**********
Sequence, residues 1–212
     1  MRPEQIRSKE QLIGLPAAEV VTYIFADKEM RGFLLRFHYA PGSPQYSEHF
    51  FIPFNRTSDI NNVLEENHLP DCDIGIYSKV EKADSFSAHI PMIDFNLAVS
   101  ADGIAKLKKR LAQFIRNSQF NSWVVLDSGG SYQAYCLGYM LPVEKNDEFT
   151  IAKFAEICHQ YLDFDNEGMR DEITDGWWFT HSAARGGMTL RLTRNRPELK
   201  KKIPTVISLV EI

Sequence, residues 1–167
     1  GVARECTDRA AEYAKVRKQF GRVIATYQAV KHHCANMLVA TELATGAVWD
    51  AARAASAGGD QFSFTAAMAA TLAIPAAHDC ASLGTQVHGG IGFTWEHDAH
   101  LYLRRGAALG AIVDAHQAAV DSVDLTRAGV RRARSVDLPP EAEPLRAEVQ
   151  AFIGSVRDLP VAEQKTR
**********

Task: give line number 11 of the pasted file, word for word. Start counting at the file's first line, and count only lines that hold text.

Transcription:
   151  AFIGSVRDLP VAEQKTR